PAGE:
#56 – Urban Forestry

Seattle, Washington

Shane DeWald, Landscape Architect
Liz Ellis, Program Manager
Peter Lagerwey, Pedestrian and Bicycle Program



Certain tree species are not recommended or are even prohibited due to fruiting characteristics, brittle wood or root growth traits.

Landscape guidelines, such as set back and pruning requirements, help maintain visibility and a safe multi-modal environment while the trees contribute to a healthier, more aesthetically pleasing environment.

The mission of Seattle’s Urban Forestry Program is to administer, maintain, protect and expand the city’s urban landscape in street rights-of-way for Seattle’s residents and businesses so that environmental, aesthetic, and safety benefits are maximized. Most of Seattle’s trees are less than 30 years old and more than 50,000 new trees have been planted in the past 10 years through various city programs. The Urban Forestry Program is part of the city’s effort to create a better bicycling and walking environment, to provide a buffer between vehicular and pedestrian traffic, thereby improving comfort and safety, to discourage vehicular parking on planting strips, and to improve air and water quality. When combined with other treatments, street trees also contribute to speed management on residential and arterial streets, creating a better bicycling and walking environment. The posted speeds of most arterial streets in Seattle are 30 or 35 miles per hour.


New trees get planted in a variety of ways. They are routinely included in roadway reconstruction projects and sidewalk projects, and are required as part of the development or redevelopment of property. Trees are installed as part of neighborhood tree planting projects, planted by individuas, and the Urban Forestry Program has some funds to plant trees on targeted arterials.

The success of the Urban Forestry Program can be attributed to the successful partnership between the city and the citizens of Seattle, to maintain, protect and expand the trees in Seattle’s street rights-of-way.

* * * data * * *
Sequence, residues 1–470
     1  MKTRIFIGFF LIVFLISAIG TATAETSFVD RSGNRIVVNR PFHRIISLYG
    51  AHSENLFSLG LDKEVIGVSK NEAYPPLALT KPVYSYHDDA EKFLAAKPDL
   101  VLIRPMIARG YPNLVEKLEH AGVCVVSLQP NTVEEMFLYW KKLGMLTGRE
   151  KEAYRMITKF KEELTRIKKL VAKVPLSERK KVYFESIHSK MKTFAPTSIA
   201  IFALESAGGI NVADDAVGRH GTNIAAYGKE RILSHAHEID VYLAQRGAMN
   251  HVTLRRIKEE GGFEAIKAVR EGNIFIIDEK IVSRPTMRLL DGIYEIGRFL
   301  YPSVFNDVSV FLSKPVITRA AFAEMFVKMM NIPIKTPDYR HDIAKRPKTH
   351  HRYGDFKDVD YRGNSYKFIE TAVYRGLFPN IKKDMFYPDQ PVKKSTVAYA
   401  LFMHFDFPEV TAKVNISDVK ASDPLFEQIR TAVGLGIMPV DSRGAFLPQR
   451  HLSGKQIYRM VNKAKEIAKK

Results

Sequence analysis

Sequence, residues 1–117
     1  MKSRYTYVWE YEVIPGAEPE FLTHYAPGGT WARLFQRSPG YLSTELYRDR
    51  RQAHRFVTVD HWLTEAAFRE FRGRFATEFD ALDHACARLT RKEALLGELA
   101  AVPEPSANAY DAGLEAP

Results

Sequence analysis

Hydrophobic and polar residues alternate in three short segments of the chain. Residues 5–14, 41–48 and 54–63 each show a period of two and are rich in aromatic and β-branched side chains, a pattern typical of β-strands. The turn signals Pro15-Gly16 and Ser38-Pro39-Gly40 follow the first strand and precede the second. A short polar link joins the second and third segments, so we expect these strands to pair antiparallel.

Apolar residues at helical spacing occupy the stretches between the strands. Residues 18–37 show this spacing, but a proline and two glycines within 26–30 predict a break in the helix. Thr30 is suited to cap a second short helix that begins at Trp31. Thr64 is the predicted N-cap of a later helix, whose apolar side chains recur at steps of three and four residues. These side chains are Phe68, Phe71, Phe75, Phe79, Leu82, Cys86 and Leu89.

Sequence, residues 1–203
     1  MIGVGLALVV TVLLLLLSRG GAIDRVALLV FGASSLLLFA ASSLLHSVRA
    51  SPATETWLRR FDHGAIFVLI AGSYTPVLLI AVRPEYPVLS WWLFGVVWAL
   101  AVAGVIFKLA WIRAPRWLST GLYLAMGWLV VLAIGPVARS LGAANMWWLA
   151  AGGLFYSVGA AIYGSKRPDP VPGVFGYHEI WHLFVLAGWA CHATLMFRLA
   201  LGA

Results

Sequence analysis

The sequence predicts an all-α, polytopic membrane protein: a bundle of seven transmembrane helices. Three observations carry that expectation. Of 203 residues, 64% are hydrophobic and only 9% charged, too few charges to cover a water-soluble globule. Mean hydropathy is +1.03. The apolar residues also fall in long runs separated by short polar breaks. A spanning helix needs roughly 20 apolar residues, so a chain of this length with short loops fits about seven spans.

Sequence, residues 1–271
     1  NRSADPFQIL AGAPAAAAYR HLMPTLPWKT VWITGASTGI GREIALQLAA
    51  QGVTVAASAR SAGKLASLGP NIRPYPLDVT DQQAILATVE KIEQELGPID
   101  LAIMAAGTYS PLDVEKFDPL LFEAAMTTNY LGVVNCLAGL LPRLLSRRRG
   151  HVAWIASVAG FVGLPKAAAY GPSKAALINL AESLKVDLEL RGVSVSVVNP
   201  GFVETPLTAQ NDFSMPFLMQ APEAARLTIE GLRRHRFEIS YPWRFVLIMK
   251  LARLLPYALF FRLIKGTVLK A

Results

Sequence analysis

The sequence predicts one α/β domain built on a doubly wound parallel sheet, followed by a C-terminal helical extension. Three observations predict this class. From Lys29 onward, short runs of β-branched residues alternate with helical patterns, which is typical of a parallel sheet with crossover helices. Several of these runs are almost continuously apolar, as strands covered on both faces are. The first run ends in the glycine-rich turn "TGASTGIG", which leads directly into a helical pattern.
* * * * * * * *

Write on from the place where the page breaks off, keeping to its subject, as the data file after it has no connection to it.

Steward Program

Seattle’s Steward Program trains residents to help care for street trees. Classes on tree maintenance and planting are provided. Residents are trained to take inventory of the trees, to seek planting opportunities in their neighborhood and to organize neighborhood tree-planting projects.

Heritage Tree Program

Since 1996, Seattle has listed 20 trees with the Heritage Tree program. Heritage trees may be on either City or private property and must have the owner’s approval. Trees can be recognized for their size, age, historic association with a place or event, or be a community landmark. Each tree is identified by a plaque and is part of a Heritage tree tour.

Citywide Traffic Circle Garden Contest

The landscaping on Seattle’s traffic circles is maintained by nearby residents. Every year, there is a citywide contest to determine the best-maintained traffic circles. Up to 10 awards are given each year, often with good media coverage.

More information, including tree selection and planting guidelines, is available at the Seattle Urban Forestry Web site at http://www.seattle.gov/transportation/treeplanting.htm.

Evaluation and Results

The Urban Forestry Program is evaluated by the health and survival rate of trees, the level of public involvement by the Steward and other programs and the number of new trees planted.

The Urban Forestry Program is a success by all measures. The city has been recognized by the national Arbor Day Foundation as a Tree City USA for 16 years and as a Tree Growth City for nine. Public involvement has been and continues to be high and over 50,000 new trees have been planted in the last 10 years.

Conclusions and Recommendations

After years of focused efforts to maintain, protect and expand the city’s urban landscape in street rights-of-way, the program has been successful in making Seattle a more livable, walkable, and bikeable community. The results include improvements in aesthetics, safety and air quality that benefit all road users. Additionally, Seattle residents enthusiastically support the program through their volunteer efforts.

Costs and Funding

Multiple funding sources acquired through “piggybacking” on other projects and volunteer contributions.


Nolan Rundquist
City Arborist
Seattle Department of Transportation
700 5th Avenue, Suite 3900
P.O. Box 34996
Seattle, WA 98124-4996
(206) 615-0957

Shane DeWald
Landscape Architect
Seattle Department of Transportation
700 5th Avenue, Suite 3900
P.O. Box 34996
Seattle, WA 98124-4996
(206) 684-5041

Liz Ellis
Program Manager
Seattle Department of Transportation
700 5th Avenue, Suite 3900
P.O. Box 34996
Seattle, WA 98124-4996
(206) 684-5008